- Replication >
- Replica Set Data Synchronization
Replica Set Data Synchronization¶
In order to maintain up-to-date copies of the shared data set, secondary members of a replica set sync or replicate data from other members. MongoDB uses two forms of data synchronization: initial sync to populate new members with the full data set, and replication to apply ongoing changes to the entire data set.
Initial sync copies all the data from one member of the replica set to another member.
When you perform an initial sync, MongoDB:
Changed in version 3.4: Initial sync builds all collection indexes as the documents are copied for each collection. In earlier versions of MongoDB, only the
_idindexes are built during this stage.
Changed in version 3.4: Initial sync pulls newly added oplog records during the data copy. Ensure that the target member has enough disk space in the
localdatabase to temporarily store these oplog records for the duration of this data copy stage.
Applies all changes to the data set. Using the oplog from the source, the
mongodupdates its data set to reflect the current state of the replica set.
To perform an initial sync, see Resync a Member of a Replica Set.
To recover from transient network or operation failures, initial sync has built-in retry logic.
Changed in version 3.4: MongoDB 3.4 improves the retry logic to be more resilient to intermittent failures on the network.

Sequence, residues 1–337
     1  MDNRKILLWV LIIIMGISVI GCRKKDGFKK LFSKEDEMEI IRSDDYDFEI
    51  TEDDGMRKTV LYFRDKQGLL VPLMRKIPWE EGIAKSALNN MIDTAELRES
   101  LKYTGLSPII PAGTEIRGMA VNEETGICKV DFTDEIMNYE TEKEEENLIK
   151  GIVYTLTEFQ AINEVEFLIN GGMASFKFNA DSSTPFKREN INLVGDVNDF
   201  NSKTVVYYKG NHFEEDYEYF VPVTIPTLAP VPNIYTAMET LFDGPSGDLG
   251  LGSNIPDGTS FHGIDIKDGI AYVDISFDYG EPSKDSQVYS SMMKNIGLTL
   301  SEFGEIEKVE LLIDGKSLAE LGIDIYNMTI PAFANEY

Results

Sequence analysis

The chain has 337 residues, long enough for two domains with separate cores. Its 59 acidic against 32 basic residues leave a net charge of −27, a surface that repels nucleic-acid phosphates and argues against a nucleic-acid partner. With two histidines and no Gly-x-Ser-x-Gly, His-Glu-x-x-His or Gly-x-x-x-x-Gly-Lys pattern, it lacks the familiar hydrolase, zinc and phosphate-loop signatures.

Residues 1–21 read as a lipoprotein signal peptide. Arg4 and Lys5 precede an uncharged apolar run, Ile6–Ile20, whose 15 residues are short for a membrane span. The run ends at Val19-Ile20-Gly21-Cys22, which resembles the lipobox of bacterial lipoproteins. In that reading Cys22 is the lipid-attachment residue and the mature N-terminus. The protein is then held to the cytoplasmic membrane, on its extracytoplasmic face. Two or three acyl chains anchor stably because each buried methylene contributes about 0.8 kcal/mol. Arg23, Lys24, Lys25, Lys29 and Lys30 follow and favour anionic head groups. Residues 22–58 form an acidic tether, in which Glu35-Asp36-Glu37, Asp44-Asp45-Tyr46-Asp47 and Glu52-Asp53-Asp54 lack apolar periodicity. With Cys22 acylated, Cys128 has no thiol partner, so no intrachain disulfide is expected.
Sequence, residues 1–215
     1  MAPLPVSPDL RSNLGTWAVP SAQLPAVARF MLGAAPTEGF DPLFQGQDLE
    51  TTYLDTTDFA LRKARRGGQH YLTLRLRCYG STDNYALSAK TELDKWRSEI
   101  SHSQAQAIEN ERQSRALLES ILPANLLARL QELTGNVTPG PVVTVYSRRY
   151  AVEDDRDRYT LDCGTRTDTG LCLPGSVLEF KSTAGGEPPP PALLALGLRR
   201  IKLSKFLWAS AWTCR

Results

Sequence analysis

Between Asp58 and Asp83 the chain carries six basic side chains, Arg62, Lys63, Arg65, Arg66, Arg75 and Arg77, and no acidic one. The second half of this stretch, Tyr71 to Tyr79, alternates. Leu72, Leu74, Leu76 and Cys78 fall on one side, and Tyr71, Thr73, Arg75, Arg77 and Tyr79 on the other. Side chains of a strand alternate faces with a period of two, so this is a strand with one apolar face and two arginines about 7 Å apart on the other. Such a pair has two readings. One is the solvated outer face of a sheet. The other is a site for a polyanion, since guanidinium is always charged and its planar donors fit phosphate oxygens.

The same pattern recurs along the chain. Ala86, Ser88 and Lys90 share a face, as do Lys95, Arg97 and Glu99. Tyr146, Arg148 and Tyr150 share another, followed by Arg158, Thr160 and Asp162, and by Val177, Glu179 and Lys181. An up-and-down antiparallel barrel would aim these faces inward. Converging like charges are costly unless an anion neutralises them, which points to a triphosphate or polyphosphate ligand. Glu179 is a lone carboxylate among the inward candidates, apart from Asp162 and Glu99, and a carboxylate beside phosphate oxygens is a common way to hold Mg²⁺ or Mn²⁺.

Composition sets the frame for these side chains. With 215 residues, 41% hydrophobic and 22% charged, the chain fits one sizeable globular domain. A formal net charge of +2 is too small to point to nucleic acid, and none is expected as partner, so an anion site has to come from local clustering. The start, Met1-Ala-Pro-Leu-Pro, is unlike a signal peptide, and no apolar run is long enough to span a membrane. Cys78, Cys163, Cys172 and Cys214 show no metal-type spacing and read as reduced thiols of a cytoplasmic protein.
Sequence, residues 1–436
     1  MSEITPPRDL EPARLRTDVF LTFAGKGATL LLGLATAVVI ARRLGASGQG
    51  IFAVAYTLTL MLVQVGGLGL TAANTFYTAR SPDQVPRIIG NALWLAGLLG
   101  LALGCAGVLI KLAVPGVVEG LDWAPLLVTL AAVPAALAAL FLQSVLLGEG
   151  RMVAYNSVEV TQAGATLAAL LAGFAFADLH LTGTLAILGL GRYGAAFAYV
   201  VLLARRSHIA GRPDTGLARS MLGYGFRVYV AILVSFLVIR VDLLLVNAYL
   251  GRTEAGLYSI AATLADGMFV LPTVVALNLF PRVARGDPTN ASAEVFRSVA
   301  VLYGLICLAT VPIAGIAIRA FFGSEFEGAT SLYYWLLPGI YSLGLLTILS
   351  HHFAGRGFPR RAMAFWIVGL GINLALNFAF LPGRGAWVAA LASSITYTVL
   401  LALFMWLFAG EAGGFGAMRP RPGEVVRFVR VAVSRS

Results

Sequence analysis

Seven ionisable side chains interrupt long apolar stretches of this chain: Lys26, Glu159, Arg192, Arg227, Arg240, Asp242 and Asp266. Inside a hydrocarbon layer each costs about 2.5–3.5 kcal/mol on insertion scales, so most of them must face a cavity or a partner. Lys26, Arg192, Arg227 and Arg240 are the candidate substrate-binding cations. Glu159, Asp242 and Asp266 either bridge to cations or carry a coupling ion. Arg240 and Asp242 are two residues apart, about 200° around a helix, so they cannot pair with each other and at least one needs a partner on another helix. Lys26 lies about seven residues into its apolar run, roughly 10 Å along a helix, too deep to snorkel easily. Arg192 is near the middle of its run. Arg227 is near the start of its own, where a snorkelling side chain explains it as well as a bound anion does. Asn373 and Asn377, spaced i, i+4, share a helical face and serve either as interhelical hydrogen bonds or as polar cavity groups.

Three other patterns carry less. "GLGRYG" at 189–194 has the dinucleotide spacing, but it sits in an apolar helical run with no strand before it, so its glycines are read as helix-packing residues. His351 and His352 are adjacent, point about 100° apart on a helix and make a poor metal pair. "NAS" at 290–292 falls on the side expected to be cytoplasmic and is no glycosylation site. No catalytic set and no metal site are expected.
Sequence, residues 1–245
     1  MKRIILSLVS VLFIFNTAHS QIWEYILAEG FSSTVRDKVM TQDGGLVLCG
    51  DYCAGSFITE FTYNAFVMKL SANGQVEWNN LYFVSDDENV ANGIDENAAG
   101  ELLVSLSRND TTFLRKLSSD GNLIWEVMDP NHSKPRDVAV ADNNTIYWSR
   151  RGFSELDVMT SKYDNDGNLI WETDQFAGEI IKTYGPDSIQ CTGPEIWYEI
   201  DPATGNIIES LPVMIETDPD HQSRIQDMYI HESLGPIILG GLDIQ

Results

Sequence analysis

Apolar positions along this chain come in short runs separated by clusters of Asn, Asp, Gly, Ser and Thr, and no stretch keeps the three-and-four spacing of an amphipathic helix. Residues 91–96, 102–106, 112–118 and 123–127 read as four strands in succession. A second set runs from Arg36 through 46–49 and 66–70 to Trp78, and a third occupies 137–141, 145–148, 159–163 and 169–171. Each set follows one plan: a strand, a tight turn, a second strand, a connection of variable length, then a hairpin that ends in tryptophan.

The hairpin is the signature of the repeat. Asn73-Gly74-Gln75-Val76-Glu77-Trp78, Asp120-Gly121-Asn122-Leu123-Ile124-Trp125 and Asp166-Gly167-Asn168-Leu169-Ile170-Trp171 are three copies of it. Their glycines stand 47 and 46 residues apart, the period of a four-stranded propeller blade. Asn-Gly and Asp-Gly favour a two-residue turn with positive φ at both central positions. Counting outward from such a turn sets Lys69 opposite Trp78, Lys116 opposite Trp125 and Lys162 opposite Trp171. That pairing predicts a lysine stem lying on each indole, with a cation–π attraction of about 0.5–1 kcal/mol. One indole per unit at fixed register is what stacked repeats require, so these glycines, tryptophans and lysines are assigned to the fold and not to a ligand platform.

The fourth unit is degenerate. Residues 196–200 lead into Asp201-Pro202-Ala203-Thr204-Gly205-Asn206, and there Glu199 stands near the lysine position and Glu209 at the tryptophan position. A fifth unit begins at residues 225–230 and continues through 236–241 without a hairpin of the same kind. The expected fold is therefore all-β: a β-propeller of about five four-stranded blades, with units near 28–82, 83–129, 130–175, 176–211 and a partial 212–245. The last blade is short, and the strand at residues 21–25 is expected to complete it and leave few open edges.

Secondary members replicate data continuously after the initial sync. Secondary members copy the oplog from their sync from source and apply these operations in an asynchronous process.
Secondaries may automatically change their sync from source as needed based on changes in the ping time and state of other members’ replication.
If a secondary member has
members[n].buildIndexes set to
it can only sync from other members where
true. Members where
sync from any other member, barring other sync restrictions.
true by default.
MongoDB applies write operations in batches using multiple threads to improve concurrency. MongoDB groups batches by namespace (MMAPv1) or by document id (WiredTiger) and simultaneously applies each group of operations using a different thread. MongoDB always applies write operations to a given document in their original write order.
While applying a batch, MongoDB blocks all read operations. As a result, secondary read queries can never return data that reflect a state that never existed on the primary.
Pre-Fetching Indexes to Improve Replication Throughput¶
Applies to MMAPv1 only.
With the MMAPv1 storage engine, MongoDB fetches memory pages that hold affected data and indexes to help improve the performance of applying oplog entries. This pre-fetch stage minimizes the amount of time MongoDB holds write locks while applying oplog entries. By default, secondaries will pre-fetch all Indexes.
Optionally, you can disable all pre-fetching or only pre-fetch
the index on the
_id field. See the
setting for more information.